On the final day of the swimming portion of their physical education curriculum, the 28 students in a St. Louis Park Middle School class were allowed free time to shoot hoops in the shallow end, swim laps or play a rambunctious variation of “king of the hill” by climbing onto a raft and pushing each other off.
Near the end of the Feb. 27 class, as a veteran teacher sat nearby, 12-year-old Abdullahi Charif, who was known to be a weak swimmer, slipped under the water and to the bottom of the 9-foot-deep end without notice.
Eventually, attempts to revive him failed, and he died a couple of days later at a hospital.
More than 100 pages of investigative documents were released this week containing eyewitness accounts of Charif’s final minutes.
The papers include transcribed interviews with 14 students and the teacher, as well as a report from the medical examiner and the Hennepin County attorney’s office, which declined last week to file charges against the teacher, a 25-year veteran who remains on paid administrative leave from the school district.
In a memo, Senior Assistant Hennepin County Attorney Amy Sweasy noted that police reports made “passing mention” of teacher-to-student ratios, lighting in the pool area and possible facility violations in a subsequent county probe, but the teacher wasn’t responsible for them.
“This is a very tragic accident that resulted in the death of a 12-year-old boy in a place everyone assumed he was safe: at school,” she wrote. “An accident, by definition, lacks the core element of intentional wrongdoing.”
But an attorney for Charif’s family members said Thursday that they see the report as confirming a suspicion. “He drowned because his teacher wasn’t paying enough attention,” Eric Hageman said, adding that he couldn’t envision a reasonable scenario in which a teacher would allow nonswimmers to play in the deep end.
“The class he drowned in was really poorly supervised; there’s no other explanation,” Hageman said.
Lawyer: Teacher heartbroken
The teacher’s lawyer, Sarah MacGillis, said he is heartbroken. “It’s not something he’s going to easily overcome or get over,” she said. “The fact that he wasn’t criminally charged does little to assuage his grief.”
MacGillis said the teacher had no control over the size of the class or over his duties to teach children with a range of abilities, to record attendance, and to conduct and grade tests. “It is inconceivable to me he had as much responsibility as he did over 28 students,” MacGillis said.
She also noted that her client cooperated with police over multiple interviews and “did his best to recall a series of events that were extremely stressful.”
The boy’s classmates reported that the teacher was attentive and that the students were roughhousing playfully.
Their accounts varied on where Charif was last seen and where he was playing. Some reported seeing him on the raft in the deep end or with the long, narrow flotation device he was using to stay afloat and navigate.
Some said he was only in the shallow end.
One boy’s account was deemed “most valuable and informative” by the police.
That boy, who was also a poor swimmer, said he last saw Charif pushed off the raft into the deep end with his flotation device nowhere in site. The boy said the teacher’s view of Charif’s plunge would have been blocked by the raft.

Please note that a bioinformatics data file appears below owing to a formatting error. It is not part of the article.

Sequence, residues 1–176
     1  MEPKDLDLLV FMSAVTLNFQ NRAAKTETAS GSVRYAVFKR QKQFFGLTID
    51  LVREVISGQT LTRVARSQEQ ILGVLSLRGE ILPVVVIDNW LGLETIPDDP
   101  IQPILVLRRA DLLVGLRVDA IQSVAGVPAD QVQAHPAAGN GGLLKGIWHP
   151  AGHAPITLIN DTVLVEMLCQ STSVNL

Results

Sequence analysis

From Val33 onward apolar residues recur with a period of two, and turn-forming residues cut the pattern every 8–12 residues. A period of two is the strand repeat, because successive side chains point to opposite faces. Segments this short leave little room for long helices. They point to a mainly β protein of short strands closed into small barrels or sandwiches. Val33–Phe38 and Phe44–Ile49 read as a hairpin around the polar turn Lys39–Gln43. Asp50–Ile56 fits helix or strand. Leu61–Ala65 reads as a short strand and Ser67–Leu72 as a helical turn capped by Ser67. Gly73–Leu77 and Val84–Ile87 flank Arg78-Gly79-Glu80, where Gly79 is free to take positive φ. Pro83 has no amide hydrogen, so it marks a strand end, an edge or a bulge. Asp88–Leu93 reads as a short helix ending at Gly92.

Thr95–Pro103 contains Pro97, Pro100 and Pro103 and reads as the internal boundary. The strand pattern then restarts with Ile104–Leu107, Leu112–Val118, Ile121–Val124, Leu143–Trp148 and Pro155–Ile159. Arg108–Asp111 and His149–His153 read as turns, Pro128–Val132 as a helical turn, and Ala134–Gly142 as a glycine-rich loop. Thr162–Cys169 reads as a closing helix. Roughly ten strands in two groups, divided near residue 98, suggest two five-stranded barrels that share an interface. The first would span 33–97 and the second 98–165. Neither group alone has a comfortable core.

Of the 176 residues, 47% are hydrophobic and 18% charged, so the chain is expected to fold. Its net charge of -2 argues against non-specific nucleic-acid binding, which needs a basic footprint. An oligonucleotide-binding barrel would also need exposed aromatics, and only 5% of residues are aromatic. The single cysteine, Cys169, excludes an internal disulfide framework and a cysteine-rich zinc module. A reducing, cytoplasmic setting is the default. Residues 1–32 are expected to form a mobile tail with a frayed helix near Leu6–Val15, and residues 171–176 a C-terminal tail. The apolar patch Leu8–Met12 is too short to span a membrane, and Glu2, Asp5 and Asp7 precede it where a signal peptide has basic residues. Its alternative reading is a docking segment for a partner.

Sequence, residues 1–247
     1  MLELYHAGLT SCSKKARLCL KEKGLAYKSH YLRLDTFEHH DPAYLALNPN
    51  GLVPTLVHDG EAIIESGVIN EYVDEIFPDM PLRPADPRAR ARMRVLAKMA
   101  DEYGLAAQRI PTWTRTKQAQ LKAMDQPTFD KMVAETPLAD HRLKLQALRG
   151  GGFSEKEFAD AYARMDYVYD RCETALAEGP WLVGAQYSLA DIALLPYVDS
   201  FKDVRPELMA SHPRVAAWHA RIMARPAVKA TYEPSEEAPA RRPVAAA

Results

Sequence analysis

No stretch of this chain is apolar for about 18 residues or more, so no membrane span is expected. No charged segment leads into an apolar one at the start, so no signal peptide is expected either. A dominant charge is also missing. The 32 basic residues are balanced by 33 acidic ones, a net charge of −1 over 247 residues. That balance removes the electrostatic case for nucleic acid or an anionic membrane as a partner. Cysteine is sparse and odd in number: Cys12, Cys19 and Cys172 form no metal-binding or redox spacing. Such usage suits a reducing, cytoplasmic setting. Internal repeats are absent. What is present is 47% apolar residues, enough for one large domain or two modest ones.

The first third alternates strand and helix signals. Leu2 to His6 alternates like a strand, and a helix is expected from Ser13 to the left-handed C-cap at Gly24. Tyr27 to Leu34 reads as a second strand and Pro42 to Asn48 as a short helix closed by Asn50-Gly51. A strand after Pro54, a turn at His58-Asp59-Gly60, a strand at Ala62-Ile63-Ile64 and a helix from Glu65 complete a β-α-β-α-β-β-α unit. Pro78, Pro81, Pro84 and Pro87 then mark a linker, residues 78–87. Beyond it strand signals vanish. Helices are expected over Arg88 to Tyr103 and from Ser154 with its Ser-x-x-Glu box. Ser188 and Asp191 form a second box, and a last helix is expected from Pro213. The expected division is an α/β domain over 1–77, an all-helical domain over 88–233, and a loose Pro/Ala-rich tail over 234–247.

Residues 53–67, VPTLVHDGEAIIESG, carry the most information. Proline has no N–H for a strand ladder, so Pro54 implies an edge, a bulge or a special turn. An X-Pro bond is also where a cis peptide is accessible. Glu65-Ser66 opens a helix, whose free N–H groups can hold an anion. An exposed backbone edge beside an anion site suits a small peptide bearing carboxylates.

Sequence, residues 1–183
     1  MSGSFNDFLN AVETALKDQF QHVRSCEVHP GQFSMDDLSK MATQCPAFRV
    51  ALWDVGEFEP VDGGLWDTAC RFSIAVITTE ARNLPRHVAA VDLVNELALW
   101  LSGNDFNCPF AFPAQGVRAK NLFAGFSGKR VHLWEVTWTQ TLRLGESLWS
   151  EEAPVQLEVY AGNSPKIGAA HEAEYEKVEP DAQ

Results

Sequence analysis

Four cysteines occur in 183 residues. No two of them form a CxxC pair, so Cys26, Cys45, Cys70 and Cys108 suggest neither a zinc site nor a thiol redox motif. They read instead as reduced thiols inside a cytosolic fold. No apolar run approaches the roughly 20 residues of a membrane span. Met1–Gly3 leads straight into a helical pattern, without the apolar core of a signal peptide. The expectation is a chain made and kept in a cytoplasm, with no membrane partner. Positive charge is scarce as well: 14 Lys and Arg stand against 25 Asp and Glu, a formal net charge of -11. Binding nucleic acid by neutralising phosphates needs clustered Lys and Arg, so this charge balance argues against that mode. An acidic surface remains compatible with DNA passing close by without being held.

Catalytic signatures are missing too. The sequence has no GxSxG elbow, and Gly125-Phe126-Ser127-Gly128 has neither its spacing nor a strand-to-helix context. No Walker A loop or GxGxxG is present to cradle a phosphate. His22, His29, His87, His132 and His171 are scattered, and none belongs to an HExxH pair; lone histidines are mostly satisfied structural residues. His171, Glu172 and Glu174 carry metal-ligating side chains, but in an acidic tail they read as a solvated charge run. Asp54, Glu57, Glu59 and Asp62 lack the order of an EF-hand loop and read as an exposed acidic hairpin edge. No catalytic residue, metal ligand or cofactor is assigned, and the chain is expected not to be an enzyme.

Police found that explanation credible, saying the raft and choppy water from the horseplay would have made it “very difficult for” the teacher to see the boy go under and drown.
Michael McGee, the Ramsey County medical examiner who performed the autopsy on the boy, said he found no trauma to indicate that Charif died from anything other than accidental drowning. McGee also told police that nonswimmers can drown quietly and quickly without any flailing.
The police report, however, said interviews noted a “glaring discrepancy” between when the teacher claims he last saw the boy and when students reported seeing him.
The teacher said he last saw Charif a couple of minutes after he blew the second and final whistle at 8:45 a.m., but none of the 14 students interviewed said they saw the boy then. Police estimated that Charif drowned between 8:33 a.m. and 8:42 a.m.
Another problematic statement from the teacher was that he claimed not to have seen the boy in the deep end, police said.
During the class, the teacher said he took about five minutes to give a test to a couple of swimmers in the shallow end and to record the results on his iPad, but most of the time he was on a bench at the midpoint between the shallow and deep ends of the pool.
A timeline of tragedy
The reports included the teacher’s timeline of that day: Class began at 8:16 a.m. At 8:40 a.m., the teacher blew the first whistle indicating that the students had 15 minutes before the end of the period and that they could leave the pool or swim another five minutes. The report said about two-thirds of the students left the pool.
At 8:45 a.m., the teacher blew the whistle a second time, requiring the remaining students to remove equipment from the pool and go to the locker room. The teacher told police that at that time, he saw Charif playing in the shallow end of the pool.
No more than three minutes later, the teacher believed everyone was out of the pool, but as he headed into the locker room, he found a pair of boy’s shoes. He asked the boys in the locker room about the shoes, then went back to the pool and saw Charif submerged in the deep end.
The teacher said he pulled the boy out and began CPR.
At 8:52 a.m., 911 was called. Emergency personnel arrived at 8:57 a.m., the report said, but their efforts came too late, and two days later, Charif died in the hospital.